War of the Rebellion: Serial 121 Page 0376 PRISONERS OF WAR AND STATE, ETC.

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Numbers 60. Baltimore, Md., March 10, 1865.

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2. The provost-marshal Eighth Army Corps is hereby directed to furnish cooked rations to all squads of rebel prisoners arriving in this city en route to be exchanged, or to be sent to prisons in the North, provided they are not already supplied. The cooked rations will be procured by requisition upon the commissary in charge of the Soldiers' Rest in this city, and will be distributed to the prisoners at the most convenient point, either of arrival or departure. The rations will be drawn for at the rate allowed to prisoners as directed in General Orders, Numbers 1, Office Commissary-General of Prisoners, Washington, D. C., January 13, 1865. Whenever practicable, hot coffee will be included in the ration.

To accomplish this order the provost-marshal will ascertain, if possible, before the arrival of the prisoners whether they are provided with rations; and if not so provided, the proper number of rations will be drawn and sent to the point designated for distribution. The point of arrival is usually where they are most needed.

Whenever prisoners are held over in this city awaiting transportation, cooked rations will be furnished daily, unless they are quartered where they can cook their own rations, in which case the usual issue will be made on provision returns.

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By command of Brevet Brigadier-General Morris, U. S. Army:


Assistant Adjutant-General.


Saint Louis, Mo., March 10, 1865.

Major-General DODGE,

Commanding Department of the Missouri, Saint Louis, Mo.:

SIR: I have the honor to report that the months of November and December, 1864, and January and February, 1865, we have had 818 sick in the hospital of this prison, and the number of deaths during that period 134, showing the fearful mortality at the rate of nearly 50 per cent. for the year; over 16 per cent. for the four months, and over 4 per cent. per month.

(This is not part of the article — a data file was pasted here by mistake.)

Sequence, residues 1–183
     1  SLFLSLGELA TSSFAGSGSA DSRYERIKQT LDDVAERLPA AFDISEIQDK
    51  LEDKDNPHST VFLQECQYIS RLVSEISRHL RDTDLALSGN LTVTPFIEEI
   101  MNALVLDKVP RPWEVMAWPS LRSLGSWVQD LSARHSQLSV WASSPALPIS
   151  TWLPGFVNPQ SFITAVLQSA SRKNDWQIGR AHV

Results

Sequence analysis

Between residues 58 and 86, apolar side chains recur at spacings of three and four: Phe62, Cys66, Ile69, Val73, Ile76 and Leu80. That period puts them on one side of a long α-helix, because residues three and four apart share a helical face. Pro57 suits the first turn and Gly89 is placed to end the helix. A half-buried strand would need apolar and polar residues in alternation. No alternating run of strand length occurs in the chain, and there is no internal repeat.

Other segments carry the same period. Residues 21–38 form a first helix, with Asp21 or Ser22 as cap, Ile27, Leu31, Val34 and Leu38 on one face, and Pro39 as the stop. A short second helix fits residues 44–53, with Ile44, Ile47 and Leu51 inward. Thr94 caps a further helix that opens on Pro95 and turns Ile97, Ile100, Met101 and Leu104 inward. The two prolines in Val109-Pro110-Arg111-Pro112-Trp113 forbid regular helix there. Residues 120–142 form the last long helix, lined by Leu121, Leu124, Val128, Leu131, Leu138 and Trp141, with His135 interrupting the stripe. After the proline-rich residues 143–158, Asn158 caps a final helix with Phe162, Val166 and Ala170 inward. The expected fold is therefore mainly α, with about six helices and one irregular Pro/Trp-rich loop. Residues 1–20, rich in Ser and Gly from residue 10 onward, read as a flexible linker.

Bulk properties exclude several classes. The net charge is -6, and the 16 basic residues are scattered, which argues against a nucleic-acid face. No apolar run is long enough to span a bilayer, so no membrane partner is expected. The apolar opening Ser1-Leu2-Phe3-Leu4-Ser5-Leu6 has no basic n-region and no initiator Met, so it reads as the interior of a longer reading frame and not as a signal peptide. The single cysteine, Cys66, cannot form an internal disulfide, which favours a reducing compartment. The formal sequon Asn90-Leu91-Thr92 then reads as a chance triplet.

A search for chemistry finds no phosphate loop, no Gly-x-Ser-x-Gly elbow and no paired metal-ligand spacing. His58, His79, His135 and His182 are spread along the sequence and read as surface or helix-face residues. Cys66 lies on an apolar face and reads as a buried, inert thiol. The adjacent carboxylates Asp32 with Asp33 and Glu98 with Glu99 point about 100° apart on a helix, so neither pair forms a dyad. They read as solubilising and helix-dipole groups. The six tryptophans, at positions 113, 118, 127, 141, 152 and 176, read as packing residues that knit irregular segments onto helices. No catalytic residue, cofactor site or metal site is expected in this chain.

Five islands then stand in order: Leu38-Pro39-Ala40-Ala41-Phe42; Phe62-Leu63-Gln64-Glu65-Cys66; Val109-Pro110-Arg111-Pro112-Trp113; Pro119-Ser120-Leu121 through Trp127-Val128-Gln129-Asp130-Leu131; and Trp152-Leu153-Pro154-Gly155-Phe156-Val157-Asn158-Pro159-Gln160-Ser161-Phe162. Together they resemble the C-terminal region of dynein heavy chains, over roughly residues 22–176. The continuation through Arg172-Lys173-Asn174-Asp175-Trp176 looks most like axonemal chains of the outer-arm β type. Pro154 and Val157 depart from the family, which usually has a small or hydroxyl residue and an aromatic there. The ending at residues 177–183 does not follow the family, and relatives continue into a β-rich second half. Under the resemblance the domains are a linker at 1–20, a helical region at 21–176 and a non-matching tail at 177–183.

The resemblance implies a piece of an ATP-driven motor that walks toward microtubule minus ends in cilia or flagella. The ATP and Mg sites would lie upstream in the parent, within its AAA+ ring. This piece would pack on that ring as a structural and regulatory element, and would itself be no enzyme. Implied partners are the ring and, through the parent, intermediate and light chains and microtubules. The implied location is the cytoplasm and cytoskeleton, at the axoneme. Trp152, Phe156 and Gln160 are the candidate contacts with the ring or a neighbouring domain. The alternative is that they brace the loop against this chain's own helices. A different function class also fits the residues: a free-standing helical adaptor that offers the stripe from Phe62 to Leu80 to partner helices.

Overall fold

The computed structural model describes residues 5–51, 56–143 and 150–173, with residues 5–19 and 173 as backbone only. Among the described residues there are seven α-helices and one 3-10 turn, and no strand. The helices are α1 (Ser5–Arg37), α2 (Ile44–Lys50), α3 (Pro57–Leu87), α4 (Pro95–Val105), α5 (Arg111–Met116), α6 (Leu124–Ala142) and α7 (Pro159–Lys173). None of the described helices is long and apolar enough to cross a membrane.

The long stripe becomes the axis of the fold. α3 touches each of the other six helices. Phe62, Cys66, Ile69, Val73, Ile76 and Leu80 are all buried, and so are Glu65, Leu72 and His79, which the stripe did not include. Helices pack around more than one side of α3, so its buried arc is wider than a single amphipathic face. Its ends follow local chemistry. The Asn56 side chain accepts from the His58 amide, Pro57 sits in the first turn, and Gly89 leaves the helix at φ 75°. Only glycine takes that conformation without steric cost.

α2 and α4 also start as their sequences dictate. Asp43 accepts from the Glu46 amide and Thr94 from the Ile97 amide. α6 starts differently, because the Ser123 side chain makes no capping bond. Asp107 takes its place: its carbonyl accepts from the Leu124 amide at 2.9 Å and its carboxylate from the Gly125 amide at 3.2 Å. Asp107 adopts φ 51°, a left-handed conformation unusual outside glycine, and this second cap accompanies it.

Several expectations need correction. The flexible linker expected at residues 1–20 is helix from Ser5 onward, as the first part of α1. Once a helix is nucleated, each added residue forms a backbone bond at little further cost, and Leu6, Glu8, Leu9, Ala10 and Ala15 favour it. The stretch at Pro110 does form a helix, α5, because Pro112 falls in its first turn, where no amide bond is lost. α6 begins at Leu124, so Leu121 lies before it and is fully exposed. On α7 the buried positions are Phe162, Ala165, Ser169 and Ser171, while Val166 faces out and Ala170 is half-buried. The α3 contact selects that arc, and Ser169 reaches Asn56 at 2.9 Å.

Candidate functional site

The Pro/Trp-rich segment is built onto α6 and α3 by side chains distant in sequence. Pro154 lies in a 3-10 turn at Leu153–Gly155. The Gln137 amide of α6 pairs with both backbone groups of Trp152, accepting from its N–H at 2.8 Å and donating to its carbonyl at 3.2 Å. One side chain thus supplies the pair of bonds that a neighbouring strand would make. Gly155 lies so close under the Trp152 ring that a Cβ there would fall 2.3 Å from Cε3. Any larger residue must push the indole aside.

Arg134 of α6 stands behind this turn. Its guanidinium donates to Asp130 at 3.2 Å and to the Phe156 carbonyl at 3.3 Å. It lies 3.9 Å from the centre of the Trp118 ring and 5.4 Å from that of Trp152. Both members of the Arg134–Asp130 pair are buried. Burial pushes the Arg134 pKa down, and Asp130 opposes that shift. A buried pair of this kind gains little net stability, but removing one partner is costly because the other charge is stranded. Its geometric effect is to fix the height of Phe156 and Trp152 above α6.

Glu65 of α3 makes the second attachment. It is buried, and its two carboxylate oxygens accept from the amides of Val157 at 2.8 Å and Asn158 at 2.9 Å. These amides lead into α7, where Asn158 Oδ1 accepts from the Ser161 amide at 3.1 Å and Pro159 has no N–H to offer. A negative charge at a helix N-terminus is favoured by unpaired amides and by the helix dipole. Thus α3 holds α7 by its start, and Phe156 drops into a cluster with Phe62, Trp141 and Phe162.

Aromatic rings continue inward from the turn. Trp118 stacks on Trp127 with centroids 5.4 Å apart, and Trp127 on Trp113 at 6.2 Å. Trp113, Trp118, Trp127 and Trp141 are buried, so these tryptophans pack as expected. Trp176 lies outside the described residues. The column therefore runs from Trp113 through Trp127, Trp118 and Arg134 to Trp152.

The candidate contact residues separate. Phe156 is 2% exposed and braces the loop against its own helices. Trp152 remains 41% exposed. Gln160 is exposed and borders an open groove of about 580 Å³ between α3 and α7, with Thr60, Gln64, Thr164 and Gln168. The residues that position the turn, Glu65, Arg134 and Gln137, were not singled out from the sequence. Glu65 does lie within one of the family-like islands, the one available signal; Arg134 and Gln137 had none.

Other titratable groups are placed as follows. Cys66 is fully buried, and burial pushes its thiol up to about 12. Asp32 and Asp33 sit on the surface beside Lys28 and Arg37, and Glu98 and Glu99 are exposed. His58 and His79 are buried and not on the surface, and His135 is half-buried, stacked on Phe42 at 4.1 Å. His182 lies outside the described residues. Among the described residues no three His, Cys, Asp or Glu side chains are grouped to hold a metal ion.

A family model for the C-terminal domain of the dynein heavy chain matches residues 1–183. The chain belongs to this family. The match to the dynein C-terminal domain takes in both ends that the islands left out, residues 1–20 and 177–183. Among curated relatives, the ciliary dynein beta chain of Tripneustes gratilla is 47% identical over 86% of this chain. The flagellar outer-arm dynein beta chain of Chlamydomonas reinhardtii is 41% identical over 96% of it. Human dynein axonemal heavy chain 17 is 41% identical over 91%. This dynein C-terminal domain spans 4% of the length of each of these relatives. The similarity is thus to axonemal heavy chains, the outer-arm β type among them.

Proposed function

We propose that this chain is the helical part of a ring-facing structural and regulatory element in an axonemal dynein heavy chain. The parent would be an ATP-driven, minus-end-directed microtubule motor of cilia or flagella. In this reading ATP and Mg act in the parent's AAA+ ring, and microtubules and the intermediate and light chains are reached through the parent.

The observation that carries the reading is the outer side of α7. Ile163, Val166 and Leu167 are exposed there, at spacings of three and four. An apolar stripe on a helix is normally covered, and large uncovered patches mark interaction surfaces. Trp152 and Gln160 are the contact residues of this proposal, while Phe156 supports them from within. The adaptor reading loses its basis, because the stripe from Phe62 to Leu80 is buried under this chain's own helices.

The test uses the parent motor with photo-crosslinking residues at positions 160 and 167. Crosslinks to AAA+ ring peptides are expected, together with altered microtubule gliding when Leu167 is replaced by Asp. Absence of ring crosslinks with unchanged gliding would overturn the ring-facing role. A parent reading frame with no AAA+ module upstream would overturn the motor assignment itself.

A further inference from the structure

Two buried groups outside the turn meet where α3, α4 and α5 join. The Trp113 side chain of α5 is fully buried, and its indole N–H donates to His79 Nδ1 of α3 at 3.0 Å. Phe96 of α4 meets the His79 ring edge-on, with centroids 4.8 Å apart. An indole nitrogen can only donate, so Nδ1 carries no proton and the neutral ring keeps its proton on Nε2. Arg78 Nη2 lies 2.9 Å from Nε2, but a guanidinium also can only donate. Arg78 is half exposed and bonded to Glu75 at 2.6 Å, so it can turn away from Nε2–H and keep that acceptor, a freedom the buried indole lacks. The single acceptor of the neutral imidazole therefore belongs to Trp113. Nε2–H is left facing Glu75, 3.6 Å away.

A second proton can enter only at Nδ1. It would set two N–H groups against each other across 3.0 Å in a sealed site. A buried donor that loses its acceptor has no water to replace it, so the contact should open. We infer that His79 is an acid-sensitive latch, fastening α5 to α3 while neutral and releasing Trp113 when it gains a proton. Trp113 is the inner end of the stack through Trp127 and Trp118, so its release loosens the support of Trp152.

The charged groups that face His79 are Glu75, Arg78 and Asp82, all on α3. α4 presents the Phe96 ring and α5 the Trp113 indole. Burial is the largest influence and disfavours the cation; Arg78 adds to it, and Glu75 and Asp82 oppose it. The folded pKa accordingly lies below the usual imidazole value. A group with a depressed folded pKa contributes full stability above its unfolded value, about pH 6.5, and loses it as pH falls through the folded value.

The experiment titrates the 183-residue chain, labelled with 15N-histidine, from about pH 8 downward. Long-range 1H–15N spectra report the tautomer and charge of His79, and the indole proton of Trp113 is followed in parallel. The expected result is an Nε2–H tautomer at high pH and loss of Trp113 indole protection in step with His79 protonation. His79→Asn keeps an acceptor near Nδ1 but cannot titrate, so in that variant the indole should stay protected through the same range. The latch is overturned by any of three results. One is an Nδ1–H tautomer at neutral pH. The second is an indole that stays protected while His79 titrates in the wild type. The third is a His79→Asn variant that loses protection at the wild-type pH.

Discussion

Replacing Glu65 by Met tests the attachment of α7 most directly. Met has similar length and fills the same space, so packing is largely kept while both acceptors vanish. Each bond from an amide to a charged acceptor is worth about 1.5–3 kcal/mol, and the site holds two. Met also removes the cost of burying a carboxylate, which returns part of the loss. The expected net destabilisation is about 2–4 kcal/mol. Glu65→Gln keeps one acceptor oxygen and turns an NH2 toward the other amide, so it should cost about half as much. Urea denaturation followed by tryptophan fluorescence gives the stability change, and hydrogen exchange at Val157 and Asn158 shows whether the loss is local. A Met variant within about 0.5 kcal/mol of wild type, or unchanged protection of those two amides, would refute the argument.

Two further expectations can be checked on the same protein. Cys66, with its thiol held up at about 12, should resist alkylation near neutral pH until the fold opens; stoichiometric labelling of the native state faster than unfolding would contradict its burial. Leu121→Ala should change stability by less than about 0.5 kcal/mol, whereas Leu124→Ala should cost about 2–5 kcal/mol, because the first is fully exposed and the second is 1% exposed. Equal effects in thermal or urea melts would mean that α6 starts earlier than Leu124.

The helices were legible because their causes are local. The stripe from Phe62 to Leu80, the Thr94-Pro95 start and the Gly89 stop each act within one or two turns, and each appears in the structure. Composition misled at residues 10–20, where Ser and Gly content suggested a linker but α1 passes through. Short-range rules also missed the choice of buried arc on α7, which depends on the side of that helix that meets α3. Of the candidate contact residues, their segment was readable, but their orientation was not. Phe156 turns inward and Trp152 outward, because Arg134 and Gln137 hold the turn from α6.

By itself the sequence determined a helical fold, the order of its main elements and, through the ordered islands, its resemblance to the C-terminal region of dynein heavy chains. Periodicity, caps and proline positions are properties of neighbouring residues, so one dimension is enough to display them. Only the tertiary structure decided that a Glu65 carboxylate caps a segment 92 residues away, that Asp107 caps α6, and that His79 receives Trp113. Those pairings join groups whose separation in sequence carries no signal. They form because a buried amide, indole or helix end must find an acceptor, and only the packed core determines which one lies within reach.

The condition of many of the prisoners, and especially many of the conscripts sent to this prison and captured during Price's raid, was such that many were admitted into the hospital within a short period after their arrival, many of them being mere boys, without sufficient physical development to endure the fatigues and hardships of long and protracted marches, in addition to which the quality and insufficient quantity of their food became fruitful and manifest sources of the establishing of a decided astehnic tendency. The above and stil more grave cause of confining and massing a large number of prisoners in quarters insufficiently ventilated and totally inadequate in capacity. In one of the rooms in this prison, with a cubic area of 70,380 feet, including, however, several pillars, bunks, &c., which would reduce the capacity several thousand feet at least, were confined in November over 500 prisoners, affording breathing space to each prisoners space to each prisoners less than 140 cubic feet, the maximum space allowed in U. S. Army general hospitals being 1,200 and the minumum 800 cubic feet. As an excuse for this excessive crowding of prisoners at the time, the inability of the